Program Profile: X-STEAM Gymnasium for the Mind
Park Forest-Chicago Heights School District 163 “X-STEAM” 21st CCLC Program engages students with science, technology, engineering, arts, and mathematics (STEAM) activities. The program aims to prepare students for the rigor of high school preparatory coursework that will support their readiness for college or an innovative career in these areas. Closing the gender gap in STEM is also part of the program's goals. Serving some 400 students in second through eighth grade, X-STEAM provides three tiers of support for students: homework assistance, academic tutoring in reading and math, and hands-on STEAM activities. Visual and performing arts and social-emotional learning are also integrated into these activities.
Two students show their work in the STEAMRoom.
The X-STEAM program offers distinct programming at different grade levels. Early elementary students work as engineers in a “STEAMroom,” where they solve problems at different stations using the RADAR strategy:
- Research a solution to a problem,
- Apply the results of the research,
- Design a solution,
- Analyze the design, and
- Reflect and redesign.
The DJ STEM MasterMix Academy teaches upper elementary students engineering concepts through the creation of music.
A science facilitator and teaching assistant are on hand to facilitate problem solving among the students.
Older elementary school students are learning about engineer through DJ STEM MasterMix Academy. This academy teaches engineering concepts through the creation of music. Students learn about science and music using the latest audio workstation technology and music instrument digital interface (MIDI) devices. X-STEAM also works closely with the Sci-Girls Program to support closing the gender gap by immersing girls in hands-on science, math, and engineering activities that apply to real-world learning experiences. Although the X-STEAM program is interested in gender equity, staff also realize that all students will benefit from the Sci-Girls curriculum and therefore offer Sci-Girls & Guys sessions after school. Finally, middle school students have the opportunity to earn digital badges to represent the different STEM skills they have mastered. True to the program’s name (X-STEAM, not just STEM), the arts are an integral part of the program. Students participate in performing arts activities, and they also take vocal and instrumental lessons through Muzicnet.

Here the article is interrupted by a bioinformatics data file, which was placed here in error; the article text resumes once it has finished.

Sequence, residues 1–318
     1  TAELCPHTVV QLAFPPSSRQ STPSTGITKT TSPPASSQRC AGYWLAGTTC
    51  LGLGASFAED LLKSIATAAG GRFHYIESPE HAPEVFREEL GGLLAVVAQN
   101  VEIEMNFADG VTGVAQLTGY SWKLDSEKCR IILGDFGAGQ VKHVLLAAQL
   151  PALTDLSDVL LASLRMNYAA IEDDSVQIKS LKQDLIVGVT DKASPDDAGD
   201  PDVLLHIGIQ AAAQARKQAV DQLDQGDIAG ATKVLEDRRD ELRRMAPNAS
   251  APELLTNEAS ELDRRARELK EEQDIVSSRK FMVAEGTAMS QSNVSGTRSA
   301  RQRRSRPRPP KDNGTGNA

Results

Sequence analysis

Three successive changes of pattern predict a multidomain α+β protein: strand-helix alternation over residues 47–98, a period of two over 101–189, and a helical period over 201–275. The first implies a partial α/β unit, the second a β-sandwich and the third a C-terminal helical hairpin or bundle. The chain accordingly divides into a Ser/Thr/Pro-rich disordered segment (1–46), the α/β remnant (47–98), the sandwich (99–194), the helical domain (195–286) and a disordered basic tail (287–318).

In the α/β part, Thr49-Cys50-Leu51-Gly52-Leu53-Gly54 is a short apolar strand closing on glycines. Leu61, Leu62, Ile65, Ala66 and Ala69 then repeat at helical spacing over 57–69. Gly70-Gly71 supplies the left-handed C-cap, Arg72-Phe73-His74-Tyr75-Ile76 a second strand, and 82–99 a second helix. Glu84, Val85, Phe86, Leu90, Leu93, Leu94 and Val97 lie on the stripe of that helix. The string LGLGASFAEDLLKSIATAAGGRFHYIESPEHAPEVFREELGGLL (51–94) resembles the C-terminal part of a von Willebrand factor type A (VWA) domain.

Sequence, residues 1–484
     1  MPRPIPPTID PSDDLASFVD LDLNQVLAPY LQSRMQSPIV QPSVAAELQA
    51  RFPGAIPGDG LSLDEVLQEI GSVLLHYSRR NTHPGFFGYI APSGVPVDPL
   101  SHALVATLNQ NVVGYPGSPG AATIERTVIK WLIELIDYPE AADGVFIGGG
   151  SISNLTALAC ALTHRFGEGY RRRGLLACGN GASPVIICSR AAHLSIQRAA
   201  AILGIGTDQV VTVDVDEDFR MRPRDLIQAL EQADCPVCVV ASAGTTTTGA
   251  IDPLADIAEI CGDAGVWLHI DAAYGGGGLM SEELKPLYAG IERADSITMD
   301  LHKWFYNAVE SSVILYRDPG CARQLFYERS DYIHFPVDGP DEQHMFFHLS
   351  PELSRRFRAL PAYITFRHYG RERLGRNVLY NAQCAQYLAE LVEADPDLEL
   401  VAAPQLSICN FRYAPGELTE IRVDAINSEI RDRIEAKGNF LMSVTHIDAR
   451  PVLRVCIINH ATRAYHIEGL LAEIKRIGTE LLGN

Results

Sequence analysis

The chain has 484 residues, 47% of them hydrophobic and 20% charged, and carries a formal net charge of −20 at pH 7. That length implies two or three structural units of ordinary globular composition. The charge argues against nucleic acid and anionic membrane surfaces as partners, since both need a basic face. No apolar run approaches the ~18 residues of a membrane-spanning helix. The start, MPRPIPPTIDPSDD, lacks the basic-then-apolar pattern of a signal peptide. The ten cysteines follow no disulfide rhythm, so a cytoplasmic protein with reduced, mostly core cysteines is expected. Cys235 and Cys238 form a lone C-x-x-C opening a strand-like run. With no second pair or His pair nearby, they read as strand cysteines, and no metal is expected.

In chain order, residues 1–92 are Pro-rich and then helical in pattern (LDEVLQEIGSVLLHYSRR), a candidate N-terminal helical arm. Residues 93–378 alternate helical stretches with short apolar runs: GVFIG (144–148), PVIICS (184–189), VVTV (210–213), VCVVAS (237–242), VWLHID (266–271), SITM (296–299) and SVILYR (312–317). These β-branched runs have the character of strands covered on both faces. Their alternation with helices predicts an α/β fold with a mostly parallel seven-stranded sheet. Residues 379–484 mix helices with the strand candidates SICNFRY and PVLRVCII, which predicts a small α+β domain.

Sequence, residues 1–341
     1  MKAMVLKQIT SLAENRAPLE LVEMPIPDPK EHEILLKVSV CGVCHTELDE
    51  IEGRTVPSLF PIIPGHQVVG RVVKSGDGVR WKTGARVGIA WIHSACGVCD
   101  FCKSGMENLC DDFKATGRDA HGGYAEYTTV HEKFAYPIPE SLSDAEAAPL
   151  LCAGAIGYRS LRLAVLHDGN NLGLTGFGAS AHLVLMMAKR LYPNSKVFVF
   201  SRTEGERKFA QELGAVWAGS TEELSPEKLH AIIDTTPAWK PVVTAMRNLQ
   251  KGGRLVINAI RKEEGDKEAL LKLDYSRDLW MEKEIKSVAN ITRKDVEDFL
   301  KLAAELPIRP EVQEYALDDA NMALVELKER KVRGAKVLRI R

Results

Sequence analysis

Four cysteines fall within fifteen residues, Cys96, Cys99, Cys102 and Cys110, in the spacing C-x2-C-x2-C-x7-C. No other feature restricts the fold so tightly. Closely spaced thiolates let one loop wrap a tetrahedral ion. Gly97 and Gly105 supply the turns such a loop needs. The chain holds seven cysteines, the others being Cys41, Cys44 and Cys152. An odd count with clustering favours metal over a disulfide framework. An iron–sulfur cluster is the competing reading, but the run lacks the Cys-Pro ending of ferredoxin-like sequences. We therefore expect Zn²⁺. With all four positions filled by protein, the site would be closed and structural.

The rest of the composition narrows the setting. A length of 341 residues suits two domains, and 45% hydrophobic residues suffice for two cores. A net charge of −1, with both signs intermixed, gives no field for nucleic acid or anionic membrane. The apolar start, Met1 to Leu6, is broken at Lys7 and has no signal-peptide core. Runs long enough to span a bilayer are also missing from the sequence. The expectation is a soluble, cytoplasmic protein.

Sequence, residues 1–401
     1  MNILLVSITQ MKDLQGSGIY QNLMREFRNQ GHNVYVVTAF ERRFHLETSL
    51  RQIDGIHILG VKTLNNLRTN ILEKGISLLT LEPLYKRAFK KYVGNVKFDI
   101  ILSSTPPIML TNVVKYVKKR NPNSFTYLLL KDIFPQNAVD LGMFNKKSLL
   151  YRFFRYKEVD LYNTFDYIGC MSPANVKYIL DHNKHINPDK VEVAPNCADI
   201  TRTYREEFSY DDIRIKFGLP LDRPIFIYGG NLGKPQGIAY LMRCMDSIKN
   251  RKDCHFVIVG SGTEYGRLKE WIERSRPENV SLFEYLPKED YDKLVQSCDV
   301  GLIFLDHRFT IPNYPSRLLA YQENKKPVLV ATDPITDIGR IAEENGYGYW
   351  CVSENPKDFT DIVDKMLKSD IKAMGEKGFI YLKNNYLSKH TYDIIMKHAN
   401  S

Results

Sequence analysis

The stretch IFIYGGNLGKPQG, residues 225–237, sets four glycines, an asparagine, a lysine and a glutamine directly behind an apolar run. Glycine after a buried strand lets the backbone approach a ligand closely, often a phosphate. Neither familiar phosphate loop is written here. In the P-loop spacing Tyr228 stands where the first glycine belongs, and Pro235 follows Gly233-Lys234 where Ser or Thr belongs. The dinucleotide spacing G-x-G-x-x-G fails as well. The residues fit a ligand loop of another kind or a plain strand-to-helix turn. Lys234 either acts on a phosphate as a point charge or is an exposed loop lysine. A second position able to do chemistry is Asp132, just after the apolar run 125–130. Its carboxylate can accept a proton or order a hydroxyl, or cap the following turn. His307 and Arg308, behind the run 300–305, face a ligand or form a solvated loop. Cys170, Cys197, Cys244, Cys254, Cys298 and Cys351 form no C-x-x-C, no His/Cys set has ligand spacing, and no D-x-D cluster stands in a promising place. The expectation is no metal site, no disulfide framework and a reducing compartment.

The X-STEAM program collaborates with community-based organizations and school day staff to help make the most of afterschool programming.
X-STEAM project coordinator Renee Hawthorne notes that partnerships have been crucial to the program’s success. “Team work makes the dream work!” is her wisdom for grantees who want to launch STEM (or STEAM) programs at their sites. “We do not have to do it all on our own,” she says. “We work with committed partners and extraordinary organizations so we did not have to reinvent the wheel,” notes Hawthorne, listing Northern Illinois University STEM Outreach Center, University of Illinois Extension Center, Sci-Girls PBIS, and DJ STEM Master Mix Academy as partner organizations who already offer curriculum, professional development, or family engagement sessions that support diverse STEM experiences.
The X-STEAM program also collaborates closely with the school day. Site coordinators work with principals, using student achievement data to identify students who would benefit the most from participating in the program. Academic enrichment and tutoring activities are aligned with district curriculum in reading and mathematics, and STEAM activities are aligned with what is being taught during the school day. The program also continues to help students with basic math facts with their Making Moments Matter in Math and Common Core Rigor Fluency and Fun activities.
The X-STEAM program is already proving popular among students. Hawthorne notes that at one of the sites, the participation rate among students who have registered is 99%. “Our program is designed to excite students about STEAM experiences,” says Hawthorne. “They do not have these opportunities during the school day and are excited to participate in the enriching experiences.”